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Are omega-3 fatty acids prebiotic ingredients?

By Stephen Daniells contact

- Last updated on GMT

© onairjiw / Getty Images
© onairjiw / Getty Images

Related tags: omega-3, Omega-3 supplements, Gut microbiome, Prebiotic, Inulin, cardiovascular health, Gut health

Omega-3s may beneficially alter the composition of the gut microbiome and lead to increases in the production of short chain fatty acids, says a study from King’s College London.

Data published in Gut Microbes​ indicated that six weeks of supplementation with 500 mg of omega-3 (providing 165 mg of EPA and 110 mg DHA) led to significant increases in Coprococcus​ spp. and Bacteroides​ spp, while decreases were also observed for Collinsella​ spp., which is associated with fatty-liver.

“In this study, we report small, consistent changes in the human intestinal microbiome associated with 6-weeks of supplementation with 500 mg of omega-3 FA and we compare them to changes seen with inulin fiber supplementation for the same length of time,” ​wrote the researchers.

“There were significant changes in the levels of bacterial fermentation products following a 6-week intervention with omega-3 supplementation and the overall effects were comparable to inulin fiber supplementation supporting the role of omega-3 as a potential prebiotic.”

Definition

The International Scientific Association for Probiotics and Prebiotics (ISAPP) updated the definition of “prebiotics” in 2017 to be: “A substrate that is selectively utilized by host microorganisms conferring a health benefit”​ (Nature Reviews Gastroenterology & Hepatology​)

The ISAPP experts discussed what kind of compounds can be considered a prebiotic, with the currently established prebiotics being carbohydrate-based (inulin, FOS, GOS, XOS etc). However, substances like polyphenols, conjugated fatty acids derived from polyunsaturated fatty acids (PUFAs), and human milk oligosaccharides (HMOs), may also be considered candidates for prebiotics, if supported by the appropriate science.

The lead author on the 2017 ISAPP expert consensus was Glenn Gibson, Professor of Food Microbiology and head of Food Microbial Sciences at the University of Reading in the UK. Prof Gibson also originally co-coined the term prebiotic in 1995 with Marcel Roberfroid. Commenting on the new paper, Prof Gibson told NutraIngredients-USA: “This is a very well conducted and reported study carried out by a highly regarded research group.

“The ISAPP prebiotic consensus a few years ago stated that new versions were needed that were not necessarily confined to non-digestible oligosaccharides and that target microbes other than the traditional bifidobacteria and lactobacilli should be included in the concept. It is therefore very positive to see both being achieved here.

“Importantly, the authors have backed up their important observations in a human study that also looked at health biomarkers. This kind of trial makes an important contribution to the field and takes us forward in terms of expanding the prebiotic concept.”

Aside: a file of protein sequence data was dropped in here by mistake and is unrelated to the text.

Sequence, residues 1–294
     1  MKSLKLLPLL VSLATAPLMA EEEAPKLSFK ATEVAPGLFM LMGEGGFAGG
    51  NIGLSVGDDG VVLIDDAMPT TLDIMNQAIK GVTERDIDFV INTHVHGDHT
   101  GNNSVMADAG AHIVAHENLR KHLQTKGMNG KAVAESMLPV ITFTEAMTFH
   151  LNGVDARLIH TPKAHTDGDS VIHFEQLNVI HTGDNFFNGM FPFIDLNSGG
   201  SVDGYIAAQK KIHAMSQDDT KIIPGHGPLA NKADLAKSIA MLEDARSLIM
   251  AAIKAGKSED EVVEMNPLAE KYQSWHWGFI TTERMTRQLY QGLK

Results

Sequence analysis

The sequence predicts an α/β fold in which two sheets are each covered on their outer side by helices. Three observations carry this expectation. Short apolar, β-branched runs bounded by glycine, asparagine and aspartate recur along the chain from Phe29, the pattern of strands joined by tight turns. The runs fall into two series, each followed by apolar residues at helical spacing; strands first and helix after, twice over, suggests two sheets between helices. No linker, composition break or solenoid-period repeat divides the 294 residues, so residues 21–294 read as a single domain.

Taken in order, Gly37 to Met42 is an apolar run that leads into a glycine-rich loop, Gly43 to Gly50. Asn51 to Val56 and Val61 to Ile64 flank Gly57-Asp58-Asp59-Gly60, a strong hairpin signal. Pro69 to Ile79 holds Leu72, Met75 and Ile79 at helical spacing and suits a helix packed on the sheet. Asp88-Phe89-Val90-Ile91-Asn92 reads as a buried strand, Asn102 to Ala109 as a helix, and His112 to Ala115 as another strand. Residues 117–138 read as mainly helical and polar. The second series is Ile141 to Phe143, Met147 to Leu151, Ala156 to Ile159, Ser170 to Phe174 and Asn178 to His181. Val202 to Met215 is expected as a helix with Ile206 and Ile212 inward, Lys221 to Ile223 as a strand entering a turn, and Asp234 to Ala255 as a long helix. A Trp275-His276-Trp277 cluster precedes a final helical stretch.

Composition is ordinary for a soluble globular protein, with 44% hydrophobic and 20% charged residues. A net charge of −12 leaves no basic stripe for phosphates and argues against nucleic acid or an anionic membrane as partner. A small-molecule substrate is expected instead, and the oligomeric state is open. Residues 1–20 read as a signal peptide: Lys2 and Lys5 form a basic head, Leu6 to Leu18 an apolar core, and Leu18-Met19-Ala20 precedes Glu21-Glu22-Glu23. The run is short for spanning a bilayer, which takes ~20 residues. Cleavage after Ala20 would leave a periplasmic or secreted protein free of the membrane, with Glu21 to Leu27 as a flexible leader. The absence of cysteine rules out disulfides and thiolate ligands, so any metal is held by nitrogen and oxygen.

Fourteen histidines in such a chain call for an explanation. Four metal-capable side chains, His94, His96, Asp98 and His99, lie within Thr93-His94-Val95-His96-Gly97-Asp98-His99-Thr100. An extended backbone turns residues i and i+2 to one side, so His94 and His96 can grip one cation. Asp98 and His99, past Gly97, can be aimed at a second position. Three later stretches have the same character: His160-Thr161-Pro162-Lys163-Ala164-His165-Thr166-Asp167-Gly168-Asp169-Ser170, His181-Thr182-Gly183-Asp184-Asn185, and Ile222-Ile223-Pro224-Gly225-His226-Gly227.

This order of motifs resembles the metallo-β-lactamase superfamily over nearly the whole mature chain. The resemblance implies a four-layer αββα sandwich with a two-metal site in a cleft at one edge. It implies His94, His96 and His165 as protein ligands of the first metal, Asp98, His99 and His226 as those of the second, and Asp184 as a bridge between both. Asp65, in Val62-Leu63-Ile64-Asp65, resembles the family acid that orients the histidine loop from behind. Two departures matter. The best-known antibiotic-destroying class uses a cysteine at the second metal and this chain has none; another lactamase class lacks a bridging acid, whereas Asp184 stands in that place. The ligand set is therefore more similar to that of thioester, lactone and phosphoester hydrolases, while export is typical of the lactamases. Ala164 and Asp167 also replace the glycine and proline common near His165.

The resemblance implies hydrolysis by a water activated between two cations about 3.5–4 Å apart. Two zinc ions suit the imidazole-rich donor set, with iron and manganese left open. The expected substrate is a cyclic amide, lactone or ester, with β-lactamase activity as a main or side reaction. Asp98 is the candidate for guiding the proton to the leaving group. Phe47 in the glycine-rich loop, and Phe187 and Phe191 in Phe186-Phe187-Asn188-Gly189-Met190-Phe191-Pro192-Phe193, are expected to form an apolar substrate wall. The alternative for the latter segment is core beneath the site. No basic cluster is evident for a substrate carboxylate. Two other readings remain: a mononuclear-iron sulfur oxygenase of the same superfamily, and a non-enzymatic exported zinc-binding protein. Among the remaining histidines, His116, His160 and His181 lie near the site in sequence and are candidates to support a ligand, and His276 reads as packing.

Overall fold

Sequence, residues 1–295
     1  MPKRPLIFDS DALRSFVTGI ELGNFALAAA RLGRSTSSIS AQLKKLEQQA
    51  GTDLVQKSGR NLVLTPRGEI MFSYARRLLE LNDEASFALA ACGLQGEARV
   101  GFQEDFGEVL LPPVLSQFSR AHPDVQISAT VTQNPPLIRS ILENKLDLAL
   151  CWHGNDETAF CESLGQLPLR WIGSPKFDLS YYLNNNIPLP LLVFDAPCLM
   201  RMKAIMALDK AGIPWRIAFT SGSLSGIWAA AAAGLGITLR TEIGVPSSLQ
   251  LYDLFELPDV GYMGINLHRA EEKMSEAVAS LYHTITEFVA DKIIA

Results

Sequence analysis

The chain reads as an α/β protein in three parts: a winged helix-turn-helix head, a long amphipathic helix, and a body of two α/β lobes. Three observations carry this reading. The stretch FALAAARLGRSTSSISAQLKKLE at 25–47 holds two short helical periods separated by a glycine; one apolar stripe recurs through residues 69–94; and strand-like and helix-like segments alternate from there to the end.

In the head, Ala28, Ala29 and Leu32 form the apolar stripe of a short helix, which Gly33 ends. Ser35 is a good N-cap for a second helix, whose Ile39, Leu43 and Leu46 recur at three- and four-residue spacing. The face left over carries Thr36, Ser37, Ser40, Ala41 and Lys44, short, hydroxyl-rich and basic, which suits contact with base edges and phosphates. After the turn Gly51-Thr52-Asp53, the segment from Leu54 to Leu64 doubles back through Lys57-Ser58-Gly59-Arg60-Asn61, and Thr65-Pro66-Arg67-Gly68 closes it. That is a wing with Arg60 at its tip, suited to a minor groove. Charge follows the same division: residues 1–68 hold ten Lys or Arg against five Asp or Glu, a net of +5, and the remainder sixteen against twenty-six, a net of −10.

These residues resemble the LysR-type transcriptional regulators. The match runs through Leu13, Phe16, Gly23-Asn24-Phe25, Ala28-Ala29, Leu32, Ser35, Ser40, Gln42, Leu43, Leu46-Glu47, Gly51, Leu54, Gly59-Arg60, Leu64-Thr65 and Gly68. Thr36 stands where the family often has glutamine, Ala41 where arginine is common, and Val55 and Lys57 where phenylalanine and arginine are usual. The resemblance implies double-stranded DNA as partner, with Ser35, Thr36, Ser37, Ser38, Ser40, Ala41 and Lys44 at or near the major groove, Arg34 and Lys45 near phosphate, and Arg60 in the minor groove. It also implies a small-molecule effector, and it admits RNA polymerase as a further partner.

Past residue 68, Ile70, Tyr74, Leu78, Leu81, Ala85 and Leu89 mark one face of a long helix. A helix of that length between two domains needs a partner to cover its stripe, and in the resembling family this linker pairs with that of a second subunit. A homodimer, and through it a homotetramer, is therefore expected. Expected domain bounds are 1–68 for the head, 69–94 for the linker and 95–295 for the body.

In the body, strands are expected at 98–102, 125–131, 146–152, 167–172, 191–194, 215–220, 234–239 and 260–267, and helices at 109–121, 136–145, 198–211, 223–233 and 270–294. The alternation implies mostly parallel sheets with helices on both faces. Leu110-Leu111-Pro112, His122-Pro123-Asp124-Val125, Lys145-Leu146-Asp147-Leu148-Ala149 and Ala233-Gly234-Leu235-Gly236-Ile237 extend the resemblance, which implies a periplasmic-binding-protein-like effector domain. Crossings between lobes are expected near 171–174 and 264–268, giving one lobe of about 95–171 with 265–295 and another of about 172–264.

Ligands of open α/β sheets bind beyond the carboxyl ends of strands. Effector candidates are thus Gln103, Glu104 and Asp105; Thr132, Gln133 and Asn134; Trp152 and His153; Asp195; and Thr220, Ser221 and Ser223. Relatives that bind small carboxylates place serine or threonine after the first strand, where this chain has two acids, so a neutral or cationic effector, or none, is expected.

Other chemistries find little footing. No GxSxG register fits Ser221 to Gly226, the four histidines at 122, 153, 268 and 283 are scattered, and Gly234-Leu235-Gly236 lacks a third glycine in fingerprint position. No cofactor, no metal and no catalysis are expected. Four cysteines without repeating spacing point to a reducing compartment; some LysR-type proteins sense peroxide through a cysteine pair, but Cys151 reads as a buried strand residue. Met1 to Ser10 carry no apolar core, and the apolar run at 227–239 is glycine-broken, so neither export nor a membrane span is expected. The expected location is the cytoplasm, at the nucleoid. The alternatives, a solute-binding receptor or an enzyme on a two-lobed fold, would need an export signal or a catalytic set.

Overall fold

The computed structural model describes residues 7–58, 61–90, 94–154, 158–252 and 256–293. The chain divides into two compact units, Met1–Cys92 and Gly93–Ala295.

Study details

The London-based researchers enrolled 69 people from the TwinsUK registry and randomly assigned to receive either omega-3 supplements (500 mg per day) or inulin supplements (20 grams per day) for six weeks.

Results showed that, as expected, the inulin supplementation led to large increases in Bifidobacterium​ and Lachnospiraceae​. However, the omega-3 group displayed significant increases in Coprococcus​ spp. and Bacteroides​ spp. A 2018 study by Watson et al. (Gut; Vol. 67, No. 11, pp. 1974–1983​) found similar increases for Coprococcus​ spp. using a 4 grams per day dose of omega-3s. Watson et al. also reported that Bifidobacterium ​abundance increased, but this was not observed in the study, which may indicate a dose-dependent effect.

A negative association was found between Coprococcus​ and triglyceride-rich lipoproteins, including VLDL and VLDL-TG, said the researchers

“The current findings suggest that the cardiovascular benefits of omega 3 supplementation may be mediated by the gut microbiome, however this requires further investigations along with the potential differences of ​Coprococcus effects on health among obese and non-obese individuals,” ​they said.

Significant decreases in abundance of the genus Collinsella​ were also found by the research team. This genus has been reported to be increased three-fold in people with non-alcohol fatty liver disease.

“Given that NAFLD is known to be a risk factor for both insulin resistance and cardiometabolic disease this suggests an important potential microbiome pathway by which omega-3 has a positive effect on health,” ​they said.

Similar results were observed between the omega-3 and inulin groups for increasing levels of short chain fatty acids (SFCAs) and branched chain fatty acids (BCFAs) such as butyrate, iso-valerate, and iso-butyrate.

“Based on the current findings, we suggest that we can consider omega-3 fatty acids to possess the functional properties of a prebiotic due to the fact that they not only have the potential to induce small changes in the composition of the gut microbiome but also increase the levels of certain gut-derived metabolites such as BCFAs and SCFAs that have shown to positively impact metabolic health,” ​wrote the researchers.

“Furthermore, observational and clinical trials have widely demonstrated the potential benefits of prebiotics on human health and therefore the next steps to improve public health in the context of non-communicable diseases would be to test combinations of prebiotics to target specific diseases.”

Source: Gut Microbes
Published online ahead of print, doi: 10.1080/19490976.2020.1863133
“The prebiotic effects of omega-3 fatty acid supplementation: A six-week randomised intervention trial”
Authors: A. Vijay et al.

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